Taken from D. Murray, R. Bryant, and G. Langale 15-441/213 slides
                      Concurrent Servers
           client 1                  server                      client 2
                                         call accept                  call connect
call connect
 ret connect
                                         ret accept
  call fgets                             call read (don’t block)

                                         call accept
 User goes                                                            ret connect
 out to lunch                            ret accept                  call fgets

                                                                     write
 Client 1
 blocks                                  call read                   call read
 waiting for
 user to type                             write
 in data
                                                                     end read
                                          close
                                                                     close


                Taken from D. Murray, R. Bryant, and G. Langale 15-441/213 slides
                 Concurrency
• Threading
  – Easier to understand
  – Race conditions increase complexity
• Select()
  – Explicit control flows, no race conditions
  – Explicit control more complicated
• There is no clear winner, but you MUST use
  select()…
                What is select()?
• Monitor multiple descriptors
• How does it work?
  – Setup sets of sockets to monitor
  – select(): blocking until something happens
  – “Something” could be
     •   Incoming connection: accept()
     •   Clients sending data: read()
     •   Pending data to send: write()
     •   Timeout
                   Concurrency – Step 1
• Allowing address reuse
   int sock, opts=1;

   sock = socket(...); // To give you an idea of where the new code goes

   setsockopt(sock, SOL_SOCKET, SO_REUSEADDR, &opts, sizeof(opts));



• Then we set the sockets to be non-blocking
   if((opts = fcntl(sock, F_GETFL)) < 0) { // Get current options
   printf(“Error...\n”);
   ...
   }
   opts = (opts | O_NONBLOCK); // Don't clobber your old settings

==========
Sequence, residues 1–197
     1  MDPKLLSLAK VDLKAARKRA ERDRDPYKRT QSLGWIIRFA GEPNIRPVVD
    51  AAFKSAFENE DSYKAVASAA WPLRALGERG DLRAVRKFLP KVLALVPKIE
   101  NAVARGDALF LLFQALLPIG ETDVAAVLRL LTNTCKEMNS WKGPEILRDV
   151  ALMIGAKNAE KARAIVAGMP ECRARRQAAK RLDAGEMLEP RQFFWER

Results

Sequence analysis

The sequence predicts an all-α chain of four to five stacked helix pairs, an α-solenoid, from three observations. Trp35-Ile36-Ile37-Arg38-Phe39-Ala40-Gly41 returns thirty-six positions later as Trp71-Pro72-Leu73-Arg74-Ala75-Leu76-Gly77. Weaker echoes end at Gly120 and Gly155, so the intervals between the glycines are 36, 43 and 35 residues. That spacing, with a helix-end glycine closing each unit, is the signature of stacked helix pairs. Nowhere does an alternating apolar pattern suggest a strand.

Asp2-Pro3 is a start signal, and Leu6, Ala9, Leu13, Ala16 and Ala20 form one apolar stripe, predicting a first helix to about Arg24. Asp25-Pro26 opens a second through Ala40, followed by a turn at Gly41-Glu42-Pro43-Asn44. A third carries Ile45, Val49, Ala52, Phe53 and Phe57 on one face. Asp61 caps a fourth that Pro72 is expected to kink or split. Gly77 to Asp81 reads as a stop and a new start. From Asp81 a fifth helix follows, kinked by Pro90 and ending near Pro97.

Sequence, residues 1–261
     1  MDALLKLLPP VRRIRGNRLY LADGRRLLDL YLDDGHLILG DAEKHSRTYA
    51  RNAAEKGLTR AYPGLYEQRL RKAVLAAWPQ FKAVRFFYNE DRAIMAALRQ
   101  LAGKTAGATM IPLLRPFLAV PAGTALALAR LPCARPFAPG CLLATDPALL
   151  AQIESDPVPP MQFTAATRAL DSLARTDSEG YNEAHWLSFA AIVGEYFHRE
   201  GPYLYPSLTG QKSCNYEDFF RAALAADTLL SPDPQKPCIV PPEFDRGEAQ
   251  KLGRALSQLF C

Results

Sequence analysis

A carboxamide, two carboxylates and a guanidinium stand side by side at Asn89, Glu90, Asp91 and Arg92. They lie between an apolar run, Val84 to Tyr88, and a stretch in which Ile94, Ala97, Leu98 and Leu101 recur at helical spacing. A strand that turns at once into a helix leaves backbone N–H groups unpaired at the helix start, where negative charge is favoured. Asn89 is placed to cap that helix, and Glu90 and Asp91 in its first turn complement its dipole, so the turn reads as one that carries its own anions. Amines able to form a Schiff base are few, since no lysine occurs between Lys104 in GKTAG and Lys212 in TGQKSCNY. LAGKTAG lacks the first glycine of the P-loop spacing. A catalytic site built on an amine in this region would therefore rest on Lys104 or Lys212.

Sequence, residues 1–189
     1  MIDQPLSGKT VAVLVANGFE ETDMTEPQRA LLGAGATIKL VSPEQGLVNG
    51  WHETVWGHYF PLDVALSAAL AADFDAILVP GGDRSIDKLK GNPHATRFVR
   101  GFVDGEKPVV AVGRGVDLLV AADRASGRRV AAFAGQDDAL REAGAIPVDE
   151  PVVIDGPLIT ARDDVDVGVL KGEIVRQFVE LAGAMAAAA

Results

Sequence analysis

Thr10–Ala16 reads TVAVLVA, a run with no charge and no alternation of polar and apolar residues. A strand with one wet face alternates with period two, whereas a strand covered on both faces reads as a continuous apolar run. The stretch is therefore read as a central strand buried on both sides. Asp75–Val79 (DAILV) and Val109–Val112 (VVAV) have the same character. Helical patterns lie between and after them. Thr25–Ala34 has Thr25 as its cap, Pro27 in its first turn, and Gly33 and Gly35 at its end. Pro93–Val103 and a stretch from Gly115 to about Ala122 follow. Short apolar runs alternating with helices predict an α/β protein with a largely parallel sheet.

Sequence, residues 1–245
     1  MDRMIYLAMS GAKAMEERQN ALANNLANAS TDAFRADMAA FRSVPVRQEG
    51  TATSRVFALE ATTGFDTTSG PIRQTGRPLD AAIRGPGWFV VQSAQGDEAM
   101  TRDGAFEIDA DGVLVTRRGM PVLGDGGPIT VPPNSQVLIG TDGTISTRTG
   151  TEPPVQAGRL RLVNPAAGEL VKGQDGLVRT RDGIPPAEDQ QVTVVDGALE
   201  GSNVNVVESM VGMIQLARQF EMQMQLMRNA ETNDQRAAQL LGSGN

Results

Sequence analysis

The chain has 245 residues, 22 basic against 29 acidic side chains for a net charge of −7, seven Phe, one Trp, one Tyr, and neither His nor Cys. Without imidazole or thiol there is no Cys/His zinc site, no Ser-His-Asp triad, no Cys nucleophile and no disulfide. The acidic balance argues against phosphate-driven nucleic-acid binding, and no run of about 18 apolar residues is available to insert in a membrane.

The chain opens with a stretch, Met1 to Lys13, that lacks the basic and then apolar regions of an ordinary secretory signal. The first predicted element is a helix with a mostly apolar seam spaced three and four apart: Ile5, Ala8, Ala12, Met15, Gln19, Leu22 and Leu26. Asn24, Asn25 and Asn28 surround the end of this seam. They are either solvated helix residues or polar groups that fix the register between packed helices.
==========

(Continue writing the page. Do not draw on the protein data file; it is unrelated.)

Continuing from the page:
if(fcntl(sock, F_SETFL, opts) < 0) {
   printf(“Error...\n”);
   ...
   }

   bind(...); // To again give you an idea where the new code goes
            Concurrency – Step 2
• Monitor sockets with select()
   – int select(int maxfd, fd_set *readfds, fd_set *writefds,
     fd_set *exceptfds, const struct timespec *timeout);
• maxfd
   – max file descriptor + 1
• fd_set: bit vector with FD_SETSIZE bits
   – readfds: bit vector of read descriptors to monitor
   – writefds: bit vector of write descriptors to monitor
   – exceptfds: set to NULL
• timeout
   – how long to wait without activity before returning
        What about bit vectors?
• void FD_ZERO(fd_set *fdset);
  – clear out all bits
• void FD_SET(int fd, fd_set *fdset);
  – set one bit
• void FD_CLR(int fd, fd_set *fdset);
  – clear one bit
• int FD_ISSET(int fd, fd_set *fdset);
  – test whether fd bit is set
                                        The Server
// socket() call and non-blocking code is above this point

if((bind(sockfd, (struct sockaddr *) &saddr, sizeof(saddr)) < 0) { // bind!
printf(“Error binding\n”);
...
}

if(listen(sockfd, 5) < 0) {            // listen for incoming connections
printf(“Error listening\n”);
...
}

clen=sizeof(caddr);

// Setup pool.read_set with an FD_ZERO() and FD_SET() for
// your server socket file descriptor. (whatever socket() returned)

while(1) {
pool.ready_set = pool.read_set; // Save the current state
pool.nready = select(pool.maxfd+1, &pool.ready_set, &pool.write_set, NULL, NULL);

if(FD_ISSET(sockfd, &pool.ready_set)) { // Check if there is an incoming conn
       isock=accept(sockfd, (struct sockaddr *) &caddr, &clen); // accept it
       add_client(isock, &pool); // add the client by the incoming socket fd
}

check_clients(&pool); // check if any data needs to be sent/received from clients
}

...

close(sockfd);
                     What is pool?
typedef struct { /* represents a pool of connected descriptors */
    int maxfd;        /* largest descriptor in read_set */
    fd_set read_set; /* set of all active read descriptors */
    fd_set write_set; /* set of all active read descriptors */
    fd_set ready_set; /* subset of descriptors ready for reading */
    int nready;       /* number of ready descriptors from select */
    int maxi;         /* highwater index into client array */
    int clientfd[FD_SETSIZE];    /* set of active descriptors */
    rio_t clientrio[FD_SETSIZE]; /* set of active read buffers */
...     // ADD WHAT WOULD BE HELPFUL FOR PROJECT1
} pool;
    What about checking clients?
• The main loop only tests for incoming
  connections
   – There are other reasons the server wakes up
   – Clients are sending data, pending data to write to
     buffer, clients closing connections, etc.
• Store all client file descriptors
   – in pool
• Keep the while(1) loop thin
   – Delegate to functions
• Come up with your own design
                           Summary
• Sockets
    – socket setup
    – I/O
    – close
• Client: socket()----------------------->connect()->I/O->close()
• Server: socket()->bind()->listen()->accept()--->I/O->close()

• DNS
    – gethostbyname()
• Concurrency
    – select()
• Bit vector operations
    – fd_set, FD_ZERO(), FD_SET(), FD_CLR(), FD_ISSET()
                About Project 1
• Standalone IRC server
  – Checkpoint 1: subversion and Makefile
     • Check in a Makefile and source code
     • Makefile can build executable named sircd
     • No server functions necessary
  – Checkpoint 2: echo server
     • Use select() to handle multiple clients
                 Suggestions
• Start early!
  – Work ahead of checkpoints
• Read the man pages
• Email (xil at cs dot cmu dot edu) if you didn’t
  get a svn username and password